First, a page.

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How to pick the right collaboration tools

James A. Martin | July 21, 2017
IT pros say collaboration is a high priority to their organization, so it's important to choose wisely

The collaboration landscape is poised to continue growing, too. The market will expand at a 13% compound annual growth rate (CAGR) from 2016 to 2024, exceeding $8.5 billion by 2024, according to Global Market Insights. A study from ReportLinker reached a similar conclusion, estimating the CAGR at 13.2%.

“We’re in a period of transition,” said Jim Lundy, CEO of Aragon Research. “We’re still dependent on email, and mobile messaging hasn’t really caught on yet” at enterprises. As a result, many companies rely multiple, task-specific collaboration tools, with “no one-size-fits-all solution” available.

Ninety-two percent of the IT professionals who responded to the Spiceworks/Lifesize survey have either deployed or are considering deploying multiple collaboration tools and use an average of 4.4 different tools or platforms across three different providers. Not surprisingly, dealing with multiple systems creates management, security, service quality and other challenges for IT professionals.

 

Collaboration suite vs. best of breed?

At a high level, the choice for enterprise IT decision-makers is between choosing a collaboration suite or building a collaboration stack from best-of-breed products.

Collaboration suites are well-suited to enterprises because they’re often simple to purchase, offer economies of scale and feature tight integration between a variety of features and tools, said Ryan Kennedy, principal architect for Kickdrum, which offers technology consulting and custom software and app development.

Among the best-known enterprise collaboration platform vendors are Microsoft (with Outlook/Exchange, Office 365, SharePoint and Skype for Business); IBM (Collaboration Solutions); Cisco (Spark and related collaboration software); and Google (with G Suite and other tools).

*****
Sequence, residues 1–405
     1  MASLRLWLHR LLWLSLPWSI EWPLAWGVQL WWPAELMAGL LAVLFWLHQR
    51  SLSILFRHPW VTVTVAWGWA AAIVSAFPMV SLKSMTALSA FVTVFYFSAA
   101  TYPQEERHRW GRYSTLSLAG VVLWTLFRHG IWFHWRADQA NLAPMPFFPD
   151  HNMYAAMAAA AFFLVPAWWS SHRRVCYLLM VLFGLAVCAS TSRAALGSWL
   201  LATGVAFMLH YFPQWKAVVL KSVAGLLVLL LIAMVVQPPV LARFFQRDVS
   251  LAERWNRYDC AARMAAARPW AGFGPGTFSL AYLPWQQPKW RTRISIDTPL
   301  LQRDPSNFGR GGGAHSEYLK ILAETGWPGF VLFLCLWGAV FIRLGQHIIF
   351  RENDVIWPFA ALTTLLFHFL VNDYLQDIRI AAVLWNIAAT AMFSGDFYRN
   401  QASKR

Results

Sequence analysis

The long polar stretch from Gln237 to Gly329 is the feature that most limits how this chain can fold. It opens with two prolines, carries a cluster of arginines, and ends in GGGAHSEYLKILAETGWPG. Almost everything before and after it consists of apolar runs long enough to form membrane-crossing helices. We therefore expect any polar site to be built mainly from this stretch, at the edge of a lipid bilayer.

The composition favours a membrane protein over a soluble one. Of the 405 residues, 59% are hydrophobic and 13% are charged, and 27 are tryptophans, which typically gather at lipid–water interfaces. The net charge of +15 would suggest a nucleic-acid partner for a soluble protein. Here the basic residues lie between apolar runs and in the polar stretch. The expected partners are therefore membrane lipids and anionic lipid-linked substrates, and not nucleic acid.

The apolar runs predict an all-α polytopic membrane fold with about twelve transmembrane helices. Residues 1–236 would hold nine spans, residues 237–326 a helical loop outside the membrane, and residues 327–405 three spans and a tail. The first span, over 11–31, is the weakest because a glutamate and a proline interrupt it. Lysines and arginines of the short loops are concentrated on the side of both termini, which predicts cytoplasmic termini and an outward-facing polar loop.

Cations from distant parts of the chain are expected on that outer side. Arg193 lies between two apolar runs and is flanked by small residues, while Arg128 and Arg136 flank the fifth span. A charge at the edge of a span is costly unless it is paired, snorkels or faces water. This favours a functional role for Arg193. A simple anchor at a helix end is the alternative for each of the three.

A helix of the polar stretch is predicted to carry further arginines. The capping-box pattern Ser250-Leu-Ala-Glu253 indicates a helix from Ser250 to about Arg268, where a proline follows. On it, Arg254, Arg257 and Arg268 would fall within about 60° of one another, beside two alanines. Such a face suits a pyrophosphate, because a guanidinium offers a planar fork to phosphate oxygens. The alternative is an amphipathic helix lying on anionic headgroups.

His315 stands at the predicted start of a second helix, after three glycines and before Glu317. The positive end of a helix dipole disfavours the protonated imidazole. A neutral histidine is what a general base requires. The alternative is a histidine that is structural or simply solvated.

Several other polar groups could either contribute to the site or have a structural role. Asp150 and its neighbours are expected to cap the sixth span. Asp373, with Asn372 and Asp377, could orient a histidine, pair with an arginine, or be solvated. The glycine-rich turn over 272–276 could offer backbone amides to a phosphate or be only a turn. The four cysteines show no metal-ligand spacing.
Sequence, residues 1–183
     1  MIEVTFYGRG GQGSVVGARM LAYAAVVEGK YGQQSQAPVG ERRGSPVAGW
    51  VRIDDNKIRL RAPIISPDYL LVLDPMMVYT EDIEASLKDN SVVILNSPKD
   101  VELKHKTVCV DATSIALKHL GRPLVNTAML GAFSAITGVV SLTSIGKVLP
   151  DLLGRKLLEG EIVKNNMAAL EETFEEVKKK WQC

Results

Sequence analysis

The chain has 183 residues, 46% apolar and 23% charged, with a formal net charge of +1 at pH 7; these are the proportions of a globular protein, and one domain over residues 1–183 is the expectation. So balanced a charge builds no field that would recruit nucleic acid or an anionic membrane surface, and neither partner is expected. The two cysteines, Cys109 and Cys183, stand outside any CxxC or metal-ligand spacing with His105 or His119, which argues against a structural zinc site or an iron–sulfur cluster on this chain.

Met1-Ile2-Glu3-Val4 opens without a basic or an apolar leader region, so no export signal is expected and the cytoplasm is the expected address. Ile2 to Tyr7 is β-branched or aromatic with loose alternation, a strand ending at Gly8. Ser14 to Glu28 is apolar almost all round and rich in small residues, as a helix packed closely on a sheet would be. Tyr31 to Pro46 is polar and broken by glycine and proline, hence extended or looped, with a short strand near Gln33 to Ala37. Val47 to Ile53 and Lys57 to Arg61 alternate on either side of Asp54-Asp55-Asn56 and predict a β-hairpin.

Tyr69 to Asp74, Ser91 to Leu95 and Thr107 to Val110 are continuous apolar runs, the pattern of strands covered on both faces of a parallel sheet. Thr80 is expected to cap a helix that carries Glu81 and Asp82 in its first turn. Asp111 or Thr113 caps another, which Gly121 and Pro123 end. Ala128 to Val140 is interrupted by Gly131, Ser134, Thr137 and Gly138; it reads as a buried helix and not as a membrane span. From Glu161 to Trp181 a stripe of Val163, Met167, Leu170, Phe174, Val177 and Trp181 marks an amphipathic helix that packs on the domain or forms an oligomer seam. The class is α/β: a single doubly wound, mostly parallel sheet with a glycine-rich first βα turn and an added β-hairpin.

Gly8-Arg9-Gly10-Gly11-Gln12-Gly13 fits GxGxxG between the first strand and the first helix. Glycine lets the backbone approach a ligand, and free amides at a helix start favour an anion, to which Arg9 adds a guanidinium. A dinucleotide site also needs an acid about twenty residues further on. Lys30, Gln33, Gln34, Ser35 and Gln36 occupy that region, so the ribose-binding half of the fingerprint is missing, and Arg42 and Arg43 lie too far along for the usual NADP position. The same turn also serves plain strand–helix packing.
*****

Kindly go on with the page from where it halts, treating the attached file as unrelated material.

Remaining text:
Best-of-breed collaboration tools that offer APIs and interoperability and that have a large ecosystem of third-party tools built around them are often ideal for small and mid-sized businesses, Kennedy said. Such tools, from Trello and Atlassian, offer more flexibility than traditional collaboration suites, giving teams an IFTTT-like experience.

IFTTT, which stands for ‘If This Then That,’ is a software service that links together two disparate tools in order to trigger an automated interaction between them. For example, Trello integrates particularly well with Google Drive documents, Kennedy explains, so updates made in Trello can automatically update a Google Doc.

Among newer collaboration tools, Slack appears to be “taking over the world,” said Kennedy, because it’s well-suited to the on-demand, dispersed, virtual teams that have become the norm; because it frequently adds new features; and because it’s mobile-first at its core.

“Too often, mobile is an afterthought for last-generation, desktop-centric collaboration tools,” he said. “Mobile-native tools like Slack will take over in the near future.”

Slack has also recently expanded into the enterprise space with Grid. Meanwhile, Amazon Chime could become a significant player in the collaboration market and disrupt more established companies such as Microsoft, Lundy predicted. And perhaps not surprisingly, Amazon has been reportedly considering acquiring Slack.

 

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